Beyond the Distinction Between Biomedical and Social Dimensions of HIV

Published: April 18, 2012

Developing effective HIV prevention requires that we move beyond the historical but problematic
distinction between biomedical and social dimensions of HIV. The current claim that prevention has
failed has led to a strong interest in the role of treatment as HIV prevention; however, the turn to
“biomedical prevention,” “test and treat,” and “combination prevention” instances pervasive confusions
about prevention. These confusions arise from a failure to realize that all HIV prevention interventions
must engage with the everyday lives of people and be integrated into their social relations
and social practices. We challenge the claim that prevention has failed (illustrating this with discussion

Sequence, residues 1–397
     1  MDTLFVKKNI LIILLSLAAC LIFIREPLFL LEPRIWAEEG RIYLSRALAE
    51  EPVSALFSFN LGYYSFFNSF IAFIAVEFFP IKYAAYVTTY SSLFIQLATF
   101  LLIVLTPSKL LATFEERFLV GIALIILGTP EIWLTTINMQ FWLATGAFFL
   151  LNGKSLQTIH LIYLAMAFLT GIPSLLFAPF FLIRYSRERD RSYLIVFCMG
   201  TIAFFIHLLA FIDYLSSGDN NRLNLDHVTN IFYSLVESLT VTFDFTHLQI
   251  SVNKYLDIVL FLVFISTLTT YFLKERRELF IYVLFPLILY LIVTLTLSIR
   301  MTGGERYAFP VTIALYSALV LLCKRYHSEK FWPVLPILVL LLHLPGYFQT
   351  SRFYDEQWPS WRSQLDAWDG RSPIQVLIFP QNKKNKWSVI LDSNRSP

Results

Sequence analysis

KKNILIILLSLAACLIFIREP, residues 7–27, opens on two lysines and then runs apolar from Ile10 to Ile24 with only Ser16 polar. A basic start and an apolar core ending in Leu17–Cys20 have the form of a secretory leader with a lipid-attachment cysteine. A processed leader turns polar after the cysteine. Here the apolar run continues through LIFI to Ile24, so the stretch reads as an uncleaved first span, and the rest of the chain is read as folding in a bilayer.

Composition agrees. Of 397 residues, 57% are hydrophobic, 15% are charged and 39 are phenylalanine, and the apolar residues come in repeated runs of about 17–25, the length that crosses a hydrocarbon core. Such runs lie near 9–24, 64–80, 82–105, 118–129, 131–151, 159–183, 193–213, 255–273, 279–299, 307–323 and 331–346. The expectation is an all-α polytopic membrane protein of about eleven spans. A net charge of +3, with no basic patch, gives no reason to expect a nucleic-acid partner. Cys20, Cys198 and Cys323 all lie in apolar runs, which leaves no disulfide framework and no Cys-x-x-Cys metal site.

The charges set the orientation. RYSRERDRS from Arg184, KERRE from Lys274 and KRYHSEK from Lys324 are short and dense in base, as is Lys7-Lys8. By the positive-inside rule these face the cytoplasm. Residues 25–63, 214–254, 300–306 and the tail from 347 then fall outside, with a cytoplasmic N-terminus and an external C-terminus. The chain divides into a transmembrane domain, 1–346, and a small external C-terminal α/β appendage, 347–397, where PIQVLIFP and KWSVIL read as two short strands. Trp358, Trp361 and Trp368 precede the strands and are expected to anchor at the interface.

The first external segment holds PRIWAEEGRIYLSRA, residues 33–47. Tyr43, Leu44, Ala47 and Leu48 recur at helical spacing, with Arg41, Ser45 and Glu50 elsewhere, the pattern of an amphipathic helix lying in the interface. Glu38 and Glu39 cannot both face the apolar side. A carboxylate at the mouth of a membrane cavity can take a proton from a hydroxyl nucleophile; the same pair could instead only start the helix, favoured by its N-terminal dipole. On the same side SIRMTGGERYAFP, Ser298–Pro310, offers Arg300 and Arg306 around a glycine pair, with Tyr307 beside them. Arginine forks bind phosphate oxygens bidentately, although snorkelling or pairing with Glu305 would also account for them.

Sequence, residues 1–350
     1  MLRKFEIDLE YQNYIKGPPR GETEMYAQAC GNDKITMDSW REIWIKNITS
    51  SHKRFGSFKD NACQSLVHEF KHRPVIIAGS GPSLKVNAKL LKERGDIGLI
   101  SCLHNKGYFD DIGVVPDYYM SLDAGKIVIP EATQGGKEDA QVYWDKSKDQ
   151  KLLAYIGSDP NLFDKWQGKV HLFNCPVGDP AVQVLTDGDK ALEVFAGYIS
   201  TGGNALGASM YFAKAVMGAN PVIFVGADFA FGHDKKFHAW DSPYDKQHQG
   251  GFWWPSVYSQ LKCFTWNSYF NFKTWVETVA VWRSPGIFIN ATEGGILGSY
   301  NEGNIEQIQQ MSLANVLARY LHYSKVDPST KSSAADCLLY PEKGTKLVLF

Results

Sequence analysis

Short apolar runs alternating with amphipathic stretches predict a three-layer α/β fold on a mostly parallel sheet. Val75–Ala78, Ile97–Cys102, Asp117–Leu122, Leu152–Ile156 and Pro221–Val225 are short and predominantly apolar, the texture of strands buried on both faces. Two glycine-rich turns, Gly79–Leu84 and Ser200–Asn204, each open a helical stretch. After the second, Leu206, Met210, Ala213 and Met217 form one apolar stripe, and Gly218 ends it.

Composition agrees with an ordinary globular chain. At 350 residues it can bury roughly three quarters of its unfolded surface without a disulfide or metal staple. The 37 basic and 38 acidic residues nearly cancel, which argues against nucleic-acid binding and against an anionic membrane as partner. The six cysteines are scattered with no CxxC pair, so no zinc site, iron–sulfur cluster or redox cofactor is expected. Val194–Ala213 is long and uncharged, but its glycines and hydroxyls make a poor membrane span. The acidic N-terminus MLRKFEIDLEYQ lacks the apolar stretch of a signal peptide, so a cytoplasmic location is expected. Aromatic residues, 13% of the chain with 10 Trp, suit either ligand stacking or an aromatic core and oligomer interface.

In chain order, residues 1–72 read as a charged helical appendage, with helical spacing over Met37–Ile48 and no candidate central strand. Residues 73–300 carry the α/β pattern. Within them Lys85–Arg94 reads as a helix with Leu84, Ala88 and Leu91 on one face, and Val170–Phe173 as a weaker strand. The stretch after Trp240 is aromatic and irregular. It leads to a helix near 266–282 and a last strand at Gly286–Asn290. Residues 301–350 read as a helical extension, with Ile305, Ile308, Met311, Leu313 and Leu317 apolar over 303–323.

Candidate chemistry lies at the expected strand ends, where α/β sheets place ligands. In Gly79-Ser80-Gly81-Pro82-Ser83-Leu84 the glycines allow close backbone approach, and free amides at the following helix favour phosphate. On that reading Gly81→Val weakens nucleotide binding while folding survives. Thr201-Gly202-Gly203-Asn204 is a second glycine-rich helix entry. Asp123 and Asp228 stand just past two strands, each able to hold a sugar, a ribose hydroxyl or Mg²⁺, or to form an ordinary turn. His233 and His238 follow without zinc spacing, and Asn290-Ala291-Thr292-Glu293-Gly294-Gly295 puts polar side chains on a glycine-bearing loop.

of prevention in Australia, Uganda, and Zimbabwe). We explain the enduring appeal of misguided approaches to prevention by examining how 1996 can be seen as a pivotal moment in the history of the
global response to HIV, a moment marked by the rise and fall of distinct biomedical and social narratives
of HIV. (Am J Public Health. 2012;102:789–799. doi:10.2105/AJPH.2011.300594).

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